Projects per year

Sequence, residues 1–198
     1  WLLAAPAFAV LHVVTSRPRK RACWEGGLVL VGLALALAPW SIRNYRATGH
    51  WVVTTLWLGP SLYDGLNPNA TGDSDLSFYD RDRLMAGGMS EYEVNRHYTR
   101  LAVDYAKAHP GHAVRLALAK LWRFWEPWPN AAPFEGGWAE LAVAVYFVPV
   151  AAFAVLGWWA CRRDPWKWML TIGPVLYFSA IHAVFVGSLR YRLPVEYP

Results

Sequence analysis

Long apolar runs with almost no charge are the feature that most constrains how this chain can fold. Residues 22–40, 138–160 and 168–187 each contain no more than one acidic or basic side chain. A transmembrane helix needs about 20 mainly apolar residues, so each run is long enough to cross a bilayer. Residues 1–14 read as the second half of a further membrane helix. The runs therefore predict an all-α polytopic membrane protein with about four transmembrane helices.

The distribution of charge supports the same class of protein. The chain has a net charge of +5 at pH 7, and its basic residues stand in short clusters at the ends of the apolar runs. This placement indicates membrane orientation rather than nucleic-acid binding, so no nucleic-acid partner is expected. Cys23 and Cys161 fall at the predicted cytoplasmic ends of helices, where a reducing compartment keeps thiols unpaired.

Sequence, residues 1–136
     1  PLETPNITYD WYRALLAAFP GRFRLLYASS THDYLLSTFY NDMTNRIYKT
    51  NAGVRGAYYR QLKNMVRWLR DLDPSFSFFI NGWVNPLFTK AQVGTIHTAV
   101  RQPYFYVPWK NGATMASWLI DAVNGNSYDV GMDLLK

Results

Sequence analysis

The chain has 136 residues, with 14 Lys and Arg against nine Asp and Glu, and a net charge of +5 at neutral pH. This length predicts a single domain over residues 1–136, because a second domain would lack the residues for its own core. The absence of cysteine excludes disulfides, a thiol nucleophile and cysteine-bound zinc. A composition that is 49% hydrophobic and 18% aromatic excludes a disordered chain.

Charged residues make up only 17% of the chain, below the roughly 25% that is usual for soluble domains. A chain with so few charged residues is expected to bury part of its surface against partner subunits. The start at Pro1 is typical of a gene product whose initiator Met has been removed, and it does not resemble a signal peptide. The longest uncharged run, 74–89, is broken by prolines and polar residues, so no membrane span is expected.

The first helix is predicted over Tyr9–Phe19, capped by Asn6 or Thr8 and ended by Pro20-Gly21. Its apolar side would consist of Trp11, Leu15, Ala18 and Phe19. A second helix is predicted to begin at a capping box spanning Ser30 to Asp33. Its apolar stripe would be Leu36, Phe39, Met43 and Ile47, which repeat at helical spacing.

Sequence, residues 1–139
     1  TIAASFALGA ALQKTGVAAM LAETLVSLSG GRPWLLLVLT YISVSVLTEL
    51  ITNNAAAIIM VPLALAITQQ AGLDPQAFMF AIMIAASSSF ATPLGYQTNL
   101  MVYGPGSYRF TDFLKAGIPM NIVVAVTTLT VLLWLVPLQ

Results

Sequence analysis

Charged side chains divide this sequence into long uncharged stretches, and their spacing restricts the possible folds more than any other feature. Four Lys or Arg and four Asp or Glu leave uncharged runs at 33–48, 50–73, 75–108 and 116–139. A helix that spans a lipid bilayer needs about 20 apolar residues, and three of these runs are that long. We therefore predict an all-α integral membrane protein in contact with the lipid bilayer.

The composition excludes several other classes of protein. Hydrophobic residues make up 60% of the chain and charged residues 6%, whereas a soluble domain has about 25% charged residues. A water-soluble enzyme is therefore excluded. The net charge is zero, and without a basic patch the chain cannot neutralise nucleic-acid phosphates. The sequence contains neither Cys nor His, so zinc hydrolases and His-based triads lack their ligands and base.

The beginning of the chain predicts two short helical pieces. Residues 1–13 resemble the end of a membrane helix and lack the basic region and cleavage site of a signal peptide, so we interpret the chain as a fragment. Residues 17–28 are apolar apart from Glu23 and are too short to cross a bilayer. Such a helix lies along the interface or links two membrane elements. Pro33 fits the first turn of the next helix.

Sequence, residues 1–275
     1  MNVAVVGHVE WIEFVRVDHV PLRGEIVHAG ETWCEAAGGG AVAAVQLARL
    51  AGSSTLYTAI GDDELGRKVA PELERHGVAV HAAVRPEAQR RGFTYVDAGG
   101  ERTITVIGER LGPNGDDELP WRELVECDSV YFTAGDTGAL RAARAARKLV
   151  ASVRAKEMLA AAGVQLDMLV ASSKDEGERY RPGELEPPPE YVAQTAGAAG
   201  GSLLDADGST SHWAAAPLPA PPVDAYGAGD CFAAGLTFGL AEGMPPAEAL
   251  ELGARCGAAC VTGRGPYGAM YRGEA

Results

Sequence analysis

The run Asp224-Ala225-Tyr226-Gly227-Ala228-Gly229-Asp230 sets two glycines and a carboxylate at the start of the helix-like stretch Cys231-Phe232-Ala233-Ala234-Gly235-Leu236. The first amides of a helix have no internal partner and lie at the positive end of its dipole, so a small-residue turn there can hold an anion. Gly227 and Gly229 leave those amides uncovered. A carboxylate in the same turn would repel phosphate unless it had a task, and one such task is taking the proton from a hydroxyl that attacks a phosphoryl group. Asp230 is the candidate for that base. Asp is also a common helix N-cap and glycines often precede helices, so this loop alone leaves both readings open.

Background: Long-term inhaled corticosteroids (ICS) may reduce growth velocity and final height of children with asthma. We aimed to evaluate the association between ICS use of >12 months and growth. Methods: We initially searched MEDLINE and EMBASE in July 2013, followed by a PubMed search updated to December 2014. We selected RCTs and controlled observational studies of ICS use in patients with asthma. We conducted random effects meta-analysis of mean differences in growth velocity (cm/year) or final height (cm) between groups. Heterogeneity was assessed using the I2 statistic. Results: We found 23 relevant studies (twenty RCTs and three observational studies) after screening 1882 hits. Meta-analysis of 16 RCTs showed that ICS use significantly reduced growth velocity at one year follow-up (mean difference -0.48 cm/year (95% CI -0.66 to -0.29)). There was evidence of a dose-response effect in three RCTs. Final adult height showed a mean reduction of -1.20 cm (95% CI -1.90 cm to -0.50 cm) with budesonide versus placebo in a high quality RCT. Meta-analysis of two lower quality observational studies revealed uncertainty in the association between ICS use and final adult height, pooled mean difference -0.85 cm (95% CI -3.35 to 1.65). Conclusion: Use of ICS for >12 months in children with asthma has a limited impact on annual growth velocity. In ICS users, there is a slight reduction of about a centimeter in final adult height, which when interpreted in the context of average adult height in England (175 cm for men and 161 cm for women), represents a 0.7% reduction compared to non-ICS users.
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